Ultra wideband the business model cannot work CorCom CorCom

Ultra wideband, the business model cannot work CorCom CorCom

Of the Pay when you go outto define based on market evolution, al pay per use taking into account the actual data and bandwidth consumption. from Ad hoc subsidies to support telecom companies and provider a a fee paid by the over-the-top: The debate surrounding the question of tariffs for ultra-broadband is not only being conducted in Europe. In the United States, the FCC — synonymous with our Agcom — began to wonder since the pandemic how to balance weights and measures.

Video entertainment has reshuffled the deck

Strand Consult is preparing to update the report: “Middle Mile Economics: How streaming video entertainment is undermining the broadband business model‘, but already from the previous edition a ‘borderline situation’ in terms of revenues and profits for the telecom companies emerged. “While there is no one-size-fits-all solution, there is increasing evidence that broadband policy needs to evolve. The dominant patterns of broadband access were enshrined when email was the Internet’s killer app more than 30 years ago. No one knew that video entertainment would become the primary use case, accounting for 80% of internet traffic. It’s time to adapt the guidelines to reality,” the analysts explain.

It was stated in the report an in-depth survey of 50 broadband providers in 24 states. The report points this out Mid-mile costs are growing 2-3x faster than home broadband revenuethat Big Tech traffic consumes up to 90% of network capacity, and so on Few, if any, broadband providers have been able to monetize the increased traffic of video entertainment streaming into their network.

How do I get streaming costs back?

“Although many online applications have seen an increase in traffic during the COVID-19 pandemic, the infrastructure requirements to support streaming video entertainment cost significantly more than work, education, and healthcare applications. These latter applications are societally important, but their overall traffic volume is very small compared to streaming video entertainment provided by Netflix, YouTube (Alphabet/Google), Amazon Prime, Disney+/Hulu and Microsoft Xbox,” the paper reads , which examines the challenge faced by four rural broadband providers running fiber optic networks to their homes to recoup network costs for the middle mile of streaming video entertainment.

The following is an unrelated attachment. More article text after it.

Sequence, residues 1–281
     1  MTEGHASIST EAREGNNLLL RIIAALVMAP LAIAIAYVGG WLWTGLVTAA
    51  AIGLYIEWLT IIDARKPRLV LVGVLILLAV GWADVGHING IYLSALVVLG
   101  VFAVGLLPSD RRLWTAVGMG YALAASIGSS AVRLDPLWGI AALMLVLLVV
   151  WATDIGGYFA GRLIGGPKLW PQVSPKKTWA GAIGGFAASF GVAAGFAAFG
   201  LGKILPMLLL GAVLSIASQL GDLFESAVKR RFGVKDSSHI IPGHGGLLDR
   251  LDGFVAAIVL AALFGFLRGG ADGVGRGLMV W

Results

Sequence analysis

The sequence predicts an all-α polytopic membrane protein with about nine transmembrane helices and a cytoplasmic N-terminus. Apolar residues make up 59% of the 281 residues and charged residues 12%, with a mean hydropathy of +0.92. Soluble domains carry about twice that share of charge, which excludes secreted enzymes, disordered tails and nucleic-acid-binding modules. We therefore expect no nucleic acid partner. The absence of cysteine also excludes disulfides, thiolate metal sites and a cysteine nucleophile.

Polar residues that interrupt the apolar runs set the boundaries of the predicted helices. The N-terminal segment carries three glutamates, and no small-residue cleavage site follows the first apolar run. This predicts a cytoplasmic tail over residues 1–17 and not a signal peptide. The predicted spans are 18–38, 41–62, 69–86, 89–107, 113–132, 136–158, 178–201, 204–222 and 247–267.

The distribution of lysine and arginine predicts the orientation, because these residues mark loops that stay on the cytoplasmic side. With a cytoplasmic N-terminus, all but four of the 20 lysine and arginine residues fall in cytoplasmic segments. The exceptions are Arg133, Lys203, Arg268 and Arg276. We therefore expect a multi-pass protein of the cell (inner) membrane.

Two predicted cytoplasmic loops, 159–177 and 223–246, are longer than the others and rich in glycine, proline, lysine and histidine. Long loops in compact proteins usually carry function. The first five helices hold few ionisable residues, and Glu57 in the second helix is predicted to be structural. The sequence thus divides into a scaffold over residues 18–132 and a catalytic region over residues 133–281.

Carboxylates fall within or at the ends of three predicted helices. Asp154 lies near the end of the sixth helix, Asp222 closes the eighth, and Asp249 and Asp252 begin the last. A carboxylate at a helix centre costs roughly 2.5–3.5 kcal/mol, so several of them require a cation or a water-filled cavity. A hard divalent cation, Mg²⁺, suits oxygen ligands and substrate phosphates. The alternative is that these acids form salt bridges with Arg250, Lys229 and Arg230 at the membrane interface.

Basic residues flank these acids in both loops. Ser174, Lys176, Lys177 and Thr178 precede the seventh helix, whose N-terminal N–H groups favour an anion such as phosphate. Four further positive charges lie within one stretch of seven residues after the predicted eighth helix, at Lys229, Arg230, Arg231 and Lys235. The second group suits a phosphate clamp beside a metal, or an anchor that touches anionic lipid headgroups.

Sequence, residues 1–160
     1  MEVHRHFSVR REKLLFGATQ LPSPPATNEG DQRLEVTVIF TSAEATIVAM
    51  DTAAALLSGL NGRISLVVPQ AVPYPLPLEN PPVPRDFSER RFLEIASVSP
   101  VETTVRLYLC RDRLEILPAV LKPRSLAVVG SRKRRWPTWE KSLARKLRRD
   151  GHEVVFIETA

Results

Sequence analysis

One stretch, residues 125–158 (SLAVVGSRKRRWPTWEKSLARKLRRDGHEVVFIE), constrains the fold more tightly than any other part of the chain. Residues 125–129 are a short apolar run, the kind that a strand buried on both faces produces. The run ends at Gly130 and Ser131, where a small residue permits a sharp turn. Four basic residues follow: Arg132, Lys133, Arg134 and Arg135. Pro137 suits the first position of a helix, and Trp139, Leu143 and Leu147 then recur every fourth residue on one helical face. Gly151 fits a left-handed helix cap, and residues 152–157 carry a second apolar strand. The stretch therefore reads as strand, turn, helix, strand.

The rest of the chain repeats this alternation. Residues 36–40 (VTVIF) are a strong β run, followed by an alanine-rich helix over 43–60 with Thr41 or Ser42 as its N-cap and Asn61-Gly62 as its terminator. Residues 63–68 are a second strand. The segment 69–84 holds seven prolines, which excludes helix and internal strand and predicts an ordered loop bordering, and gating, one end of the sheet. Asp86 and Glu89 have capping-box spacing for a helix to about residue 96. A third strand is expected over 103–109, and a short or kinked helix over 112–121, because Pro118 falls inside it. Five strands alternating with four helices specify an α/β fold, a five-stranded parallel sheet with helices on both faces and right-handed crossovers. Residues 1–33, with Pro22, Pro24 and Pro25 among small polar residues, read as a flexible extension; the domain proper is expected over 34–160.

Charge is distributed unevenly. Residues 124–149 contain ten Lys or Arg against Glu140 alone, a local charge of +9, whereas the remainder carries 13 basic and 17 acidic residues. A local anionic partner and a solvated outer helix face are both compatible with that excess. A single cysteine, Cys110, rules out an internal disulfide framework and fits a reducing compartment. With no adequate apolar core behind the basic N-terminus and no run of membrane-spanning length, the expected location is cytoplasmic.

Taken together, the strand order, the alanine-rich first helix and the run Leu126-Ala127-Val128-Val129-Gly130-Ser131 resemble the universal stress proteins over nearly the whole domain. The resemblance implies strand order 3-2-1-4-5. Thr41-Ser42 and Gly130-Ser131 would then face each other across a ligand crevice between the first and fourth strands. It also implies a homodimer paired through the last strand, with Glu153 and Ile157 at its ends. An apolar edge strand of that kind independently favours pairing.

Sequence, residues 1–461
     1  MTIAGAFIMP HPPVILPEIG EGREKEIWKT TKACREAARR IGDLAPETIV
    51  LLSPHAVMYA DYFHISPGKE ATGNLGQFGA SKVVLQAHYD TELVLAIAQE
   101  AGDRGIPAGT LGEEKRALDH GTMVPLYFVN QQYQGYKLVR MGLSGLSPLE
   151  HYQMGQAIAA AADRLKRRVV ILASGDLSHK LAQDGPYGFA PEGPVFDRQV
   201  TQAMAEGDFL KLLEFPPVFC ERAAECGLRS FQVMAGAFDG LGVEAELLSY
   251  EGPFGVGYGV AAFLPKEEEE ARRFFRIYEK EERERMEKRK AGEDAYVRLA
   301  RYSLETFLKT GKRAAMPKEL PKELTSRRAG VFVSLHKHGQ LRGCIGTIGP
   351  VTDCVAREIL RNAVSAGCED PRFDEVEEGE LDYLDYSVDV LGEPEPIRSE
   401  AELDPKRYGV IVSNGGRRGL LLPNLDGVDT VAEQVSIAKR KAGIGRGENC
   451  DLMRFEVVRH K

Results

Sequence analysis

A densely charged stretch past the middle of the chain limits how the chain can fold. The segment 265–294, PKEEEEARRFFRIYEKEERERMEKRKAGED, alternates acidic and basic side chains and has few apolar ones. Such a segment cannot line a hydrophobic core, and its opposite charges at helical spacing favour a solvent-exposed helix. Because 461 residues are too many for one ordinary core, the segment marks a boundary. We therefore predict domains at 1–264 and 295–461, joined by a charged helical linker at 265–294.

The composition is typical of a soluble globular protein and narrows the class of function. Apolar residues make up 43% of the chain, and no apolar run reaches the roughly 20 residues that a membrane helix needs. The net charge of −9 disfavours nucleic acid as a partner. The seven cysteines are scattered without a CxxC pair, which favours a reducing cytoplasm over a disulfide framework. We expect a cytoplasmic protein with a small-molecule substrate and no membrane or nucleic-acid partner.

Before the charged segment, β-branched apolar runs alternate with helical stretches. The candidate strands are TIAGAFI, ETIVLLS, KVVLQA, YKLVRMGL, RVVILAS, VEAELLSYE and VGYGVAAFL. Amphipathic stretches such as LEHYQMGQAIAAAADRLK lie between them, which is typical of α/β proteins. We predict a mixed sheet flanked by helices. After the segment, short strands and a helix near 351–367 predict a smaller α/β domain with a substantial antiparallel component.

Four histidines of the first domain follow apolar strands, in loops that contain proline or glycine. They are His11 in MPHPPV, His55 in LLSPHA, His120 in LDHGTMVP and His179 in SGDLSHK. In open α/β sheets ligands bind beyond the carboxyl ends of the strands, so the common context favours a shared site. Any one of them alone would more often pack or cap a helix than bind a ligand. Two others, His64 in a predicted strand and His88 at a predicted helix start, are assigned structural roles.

The rural broadband providers are located in four different rural regions of the United States, each have an average of 20,000 customers and cover an area the size of Montenegro and Cyprus. The high cost of broadband access requires careful price management by providers to generate sufficient revenue in a given area from a range of advertised prices. The report also analyzes why flat and consistent pricing (for a given level of service) is a particular challenge for all broadband providers and particularly why this is a problem in expensive, underserved areas.

$50 a month per subscriber: that’s not enough

Current broadband prices are about $50 per month per subscriber, which covers the last mile of the network and operational costs, but not the capital cost of the middle mile, a separate cost that scales equipment requirements as traffic increases. Subscribers pay around $25 per month for video streaming services from Netflix, YouTube, Amazon Prime, Disney+, and Microsoft. These five video streaming service providers account for 75 percent of all network traffic on the four rural broadband networks and charge an additional $11.65 per month in capital costs currently borne by the broadband providers. Overall, the analysis shows that 77-94% of total network costs are related to entertainment video streaming. This equates to $100-$180 in non-refundable costs per subscriber per year. Given the popularity and growth of video streaming, the cost of the middle mile is expected to double in 3-4 years while the number of subscribers is expected to remain flat. The non-reimbursable costs will increase to $25.04 per subscriber for the four providers, or a total of $81,953,409.

Indefensible model

Video streaming entertainment providers do not contribute to the average network cost or the last mile and reject attempts to find cost recovery methods. Netflix and YouTube offer caching services to rural broadband providers, but these are exclusive to the platforms’ proprietary services and incur additional costs for rural broadband providers to participate. Studies show that the current flat and uniform pricing model (even with subsidies throughout the coverage area) will probably no longer be sustainable for rural broadband coverage.